Updated: Online Extra: EQCA urges Newsom to provide 'targeted funding' for LGBT nonprofits
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One hundred and thirty-seven LGBT-serving nonprofits co-signed a letter to California Governor Gavin Newsom April 22 urging the state to provide targeted funding to them amid the financial repercussions of the novel coronavirus outbreak.
The letter was spearheaded by Equality California, the statewide LGBTQ rights group. Executive Director Rick Chavez Zbur told the Bay Area Reporter in an April 22 phone call that while all nonprofits are being impacted by the economic crisis — Newsom declared California was in a recession April 17 — LGBT nonprofits are being hit particularly hard.
"Our community faces disproportionate impacts — both from health disparities and from an economic perspective," Zbur said. "More than other areas, we rely on fundraising events and those have been canceled or postponed."
Zbur also noted that LGBT people are overrepresented in the restaurant, retail, and gig economies — at rates approaching double heterosexual and cisgender participation in those industries, according to a study earlier this month released by the Human Rights Campaign.
"Our organizations provide critical social safety net services for LGBTQ+ people, including LGBTQ+ people within communities of color, people living with or affected by HIV, people with disabilities, immigrant communities, people experiencing homelessness and food insecurity, and others disproportionately impacted by the COVID-19 crisis," the letter reads.
"We know you share this goal. Growing up in San Francisco, and later serving as the City and County's mayor, you've witnessed firsthand the devastation of the HIV/AIDS crisis, as well as the long term impacts of discrimination, violence and injustice experienced by our community," it continues.
The letter asks Newsom to use funds approved by the federal coronavirus relief package that became law March 27.
"As the state receives money through the CARES Act, we implore you to provide immediate and targeted funding for LGBTQ+ nonprofit organizations of all kinds. California is a beacon of hope for LGBTQ+ people across the nation, but without emergency assistance for LGBTQ+ nonprofits and allied community partners, all our advancements are in jeopardy," the letter states.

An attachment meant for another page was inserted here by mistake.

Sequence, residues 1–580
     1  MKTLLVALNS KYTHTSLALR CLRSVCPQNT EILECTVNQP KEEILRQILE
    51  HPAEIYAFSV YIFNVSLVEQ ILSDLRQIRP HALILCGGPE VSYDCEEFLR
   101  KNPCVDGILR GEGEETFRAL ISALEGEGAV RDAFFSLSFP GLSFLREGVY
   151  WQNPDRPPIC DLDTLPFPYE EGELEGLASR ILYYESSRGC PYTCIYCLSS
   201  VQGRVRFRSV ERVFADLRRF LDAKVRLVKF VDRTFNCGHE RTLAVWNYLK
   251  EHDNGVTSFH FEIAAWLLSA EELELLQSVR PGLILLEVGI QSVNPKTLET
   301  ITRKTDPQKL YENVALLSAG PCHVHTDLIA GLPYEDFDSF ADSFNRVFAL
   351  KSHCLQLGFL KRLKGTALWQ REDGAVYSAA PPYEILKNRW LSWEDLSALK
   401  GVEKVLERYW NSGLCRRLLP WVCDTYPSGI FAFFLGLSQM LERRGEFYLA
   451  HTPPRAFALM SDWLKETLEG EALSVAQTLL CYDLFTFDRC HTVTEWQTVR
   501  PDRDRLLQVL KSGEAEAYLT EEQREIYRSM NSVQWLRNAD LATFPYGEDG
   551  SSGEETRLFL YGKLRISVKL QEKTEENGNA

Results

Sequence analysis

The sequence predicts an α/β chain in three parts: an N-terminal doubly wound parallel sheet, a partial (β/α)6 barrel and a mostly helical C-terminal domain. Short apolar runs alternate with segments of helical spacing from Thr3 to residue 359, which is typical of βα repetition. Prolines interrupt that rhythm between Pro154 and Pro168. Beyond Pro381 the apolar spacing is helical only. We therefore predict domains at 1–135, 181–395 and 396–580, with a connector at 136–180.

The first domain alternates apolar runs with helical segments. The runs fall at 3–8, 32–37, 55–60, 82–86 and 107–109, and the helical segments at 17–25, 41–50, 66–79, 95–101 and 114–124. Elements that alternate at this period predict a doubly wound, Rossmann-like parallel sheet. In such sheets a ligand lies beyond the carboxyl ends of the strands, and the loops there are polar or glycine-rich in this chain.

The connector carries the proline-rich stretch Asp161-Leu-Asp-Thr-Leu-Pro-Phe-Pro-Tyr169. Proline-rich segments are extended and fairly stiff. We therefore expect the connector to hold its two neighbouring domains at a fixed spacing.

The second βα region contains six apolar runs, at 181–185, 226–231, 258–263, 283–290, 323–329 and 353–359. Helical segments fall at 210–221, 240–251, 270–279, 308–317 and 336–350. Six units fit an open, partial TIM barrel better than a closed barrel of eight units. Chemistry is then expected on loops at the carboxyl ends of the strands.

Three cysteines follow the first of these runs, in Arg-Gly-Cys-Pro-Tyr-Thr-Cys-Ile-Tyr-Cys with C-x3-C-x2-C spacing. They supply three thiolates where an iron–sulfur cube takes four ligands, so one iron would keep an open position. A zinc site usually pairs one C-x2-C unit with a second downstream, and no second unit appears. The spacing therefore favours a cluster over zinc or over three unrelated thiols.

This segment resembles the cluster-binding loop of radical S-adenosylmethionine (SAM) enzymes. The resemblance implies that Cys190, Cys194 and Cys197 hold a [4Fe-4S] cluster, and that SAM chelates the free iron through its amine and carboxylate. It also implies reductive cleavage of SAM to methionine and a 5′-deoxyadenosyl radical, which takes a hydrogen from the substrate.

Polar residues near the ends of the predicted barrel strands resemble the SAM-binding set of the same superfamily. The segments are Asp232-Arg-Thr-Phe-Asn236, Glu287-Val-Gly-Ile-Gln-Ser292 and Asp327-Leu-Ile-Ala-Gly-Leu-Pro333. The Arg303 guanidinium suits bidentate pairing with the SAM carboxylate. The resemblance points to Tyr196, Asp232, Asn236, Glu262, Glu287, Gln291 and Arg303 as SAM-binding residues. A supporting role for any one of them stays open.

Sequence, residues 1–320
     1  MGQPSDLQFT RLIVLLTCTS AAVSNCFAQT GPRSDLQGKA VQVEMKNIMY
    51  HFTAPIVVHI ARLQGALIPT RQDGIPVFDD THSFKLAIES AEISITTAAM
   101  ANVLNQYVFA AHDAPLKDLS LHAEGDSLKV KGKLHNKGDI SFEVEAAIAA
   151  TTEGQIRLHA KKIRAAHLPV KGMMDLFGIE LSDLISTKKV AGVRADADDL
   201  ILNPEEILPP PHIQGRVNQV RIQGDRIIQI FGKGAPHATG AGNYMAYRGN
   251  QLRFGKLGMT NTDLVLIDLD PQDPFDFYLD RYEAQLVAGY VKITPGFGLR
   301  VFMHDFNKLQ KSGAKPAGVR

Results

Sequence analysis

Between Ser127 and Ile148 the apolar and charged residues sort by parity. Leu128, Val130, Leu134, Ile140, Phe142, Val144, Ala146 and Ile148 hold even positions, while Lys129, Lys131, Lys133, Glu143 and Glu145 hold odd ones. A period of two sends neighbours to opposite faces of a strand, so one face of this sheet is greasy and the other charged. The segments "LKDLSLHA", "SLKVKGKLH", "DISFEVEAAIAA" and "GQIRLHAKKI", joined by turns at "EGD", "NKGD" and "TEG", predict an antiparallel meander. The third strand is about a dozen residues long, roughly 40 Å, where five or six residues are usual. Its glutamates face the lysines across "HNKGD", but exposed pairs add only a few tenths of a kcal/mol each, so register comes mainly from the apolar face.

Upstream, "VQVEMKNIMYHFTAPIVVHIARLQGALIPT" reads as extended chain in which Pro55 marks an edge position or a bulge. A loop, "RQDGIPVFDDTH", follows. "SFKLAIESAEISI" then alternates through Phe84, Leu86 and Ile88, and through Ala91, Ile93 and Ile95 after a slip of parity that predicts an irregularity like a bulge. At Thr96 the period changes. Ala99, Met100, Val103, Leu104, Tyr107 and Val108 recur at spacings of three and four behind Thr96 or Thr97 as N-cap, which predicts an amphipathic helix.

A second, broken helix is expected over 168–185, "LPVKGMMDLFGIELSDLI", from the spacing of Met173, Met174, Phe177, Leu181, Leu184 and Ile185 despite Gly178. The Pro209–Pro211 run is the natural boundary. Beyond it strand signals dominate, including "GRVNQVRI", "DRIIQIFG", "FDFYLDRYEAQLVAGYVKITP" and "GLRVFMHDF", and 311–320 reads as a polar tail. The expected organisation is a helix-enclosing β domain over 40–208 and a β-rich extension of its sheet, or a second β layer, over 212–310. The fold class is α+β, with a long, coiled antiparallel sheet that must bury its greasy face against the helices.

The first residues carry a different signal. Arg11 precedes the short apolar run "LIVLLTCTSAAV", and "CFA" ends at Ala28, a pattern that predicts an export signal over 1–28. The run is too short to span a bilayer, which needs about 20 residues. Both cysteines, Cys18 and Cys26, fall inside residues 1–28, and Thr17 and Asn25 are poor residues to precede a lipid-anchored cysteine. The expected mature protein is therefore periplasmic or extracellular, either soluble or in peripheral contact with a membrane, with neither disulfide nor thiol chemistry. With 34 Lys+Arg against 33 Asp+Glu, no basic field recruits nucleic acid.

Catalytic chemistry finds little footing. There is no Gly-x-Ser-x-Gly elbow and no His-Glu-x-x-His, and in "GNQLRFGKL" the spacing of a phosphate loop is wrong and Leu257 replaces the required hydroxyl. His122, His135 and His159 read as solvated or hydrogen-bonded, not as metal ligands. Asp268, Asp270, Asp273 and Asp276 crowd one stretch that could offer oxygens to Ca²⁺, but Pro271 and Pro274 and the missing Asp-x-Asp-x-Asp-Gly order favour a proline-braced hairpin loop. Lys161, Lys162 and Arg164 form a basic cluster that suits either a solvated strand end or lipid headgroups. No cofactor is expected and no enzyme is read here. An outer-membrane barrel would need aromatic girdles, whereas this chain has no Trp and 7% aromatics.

Zbur said that he hopes Newsom is amenable to the nonprofits' request.
"The governor has been focused on the public health crisis — having adequate hospital beds, (protective equipment), minimizing community spread," Zbur said. "As he starts to focus on the economic and financial impact, we have confidence that as a staunch supporter of the community that he'll provide the model leadership for us that he's already provided for the rest of the nation."
Zbur said that the fact that the letter received over 100 co-signers in less than a day highlights the urgency of the crisis that the nonprofits are facing.
"I participated in a number of calls with other (executive directors)," Zbur said. "Everyone is facing significant financial stress. Some already laid off and furloughed employees. Everyone's cutting to the bone."
Zbur told the B.A.R. in an interview April 16 that his own organization had to delay three of its six fundraising dinners to the fall, but all of them may have to occur virtually. This particularly affects EQCA, especially considering that 2020 is a presidential election year.
The B.A.R. reached out to six of the nonprofit co-signers of the letter (four of the six are based in the Bay Area). Three responded to the request for comment.
Imani Rupert-Gordon, the executive director of the National Center for Lesbian Rights, said she was grateful for EQCA's "leadership on this critical issue."
"It is imperative that LGBTQ organizations survive, and that will not happen in the absence of strong state support. This is a make or break moment for our movement," Rupert-Gordon said. "We urgently need progressive states like California to step up and ensure that the LGBTQ civil rights movement is not broken by this crisis."
Okan Sengun, the executive director and co-founder of the LGBT Asylum Project, said that his nonprofit applied for a This text will be the linkpaycheck protection program loan> but did not receive one.
"That funding would have helped us maintain our payroll so we could keep helping LGBTQ asylum seekers," Sengun told the B.A.R. via email April 22. "Therefore, we are kindly asking Governor Newsom to allocate the necessary funds for LGBTQ nonprofits to continue doing such vital work for the LGBTQ community in the midst of this pandemic."
David Heitstuman, a gay man who is the executive director of the Sacramento LGBT Community Center, told the B.A.R. in April 23 Zoom meeting that his organization had to take the step to indefinitely postpone that city's Pride parade — which the center is responsible for putting on.
"EQCA reached out to ask if we wanted to sign on to the letter," Heitstuman said. "We've been working with a group of centers throughout the country to see how we can best serve the vulnerable community members who rely on us for direct services as our sources of revenue disappear due to the pandemic."
Governor Gavin Newsom's office did not immediately respond to a request for comment.
See the B.A.R.'s April 30 edition for more on how LGBT nonprofits in California are being impacted by the coronavirus outbreak.
Updated, 4/23/20: This article was updated with comments from some of the co-signers of the letter.
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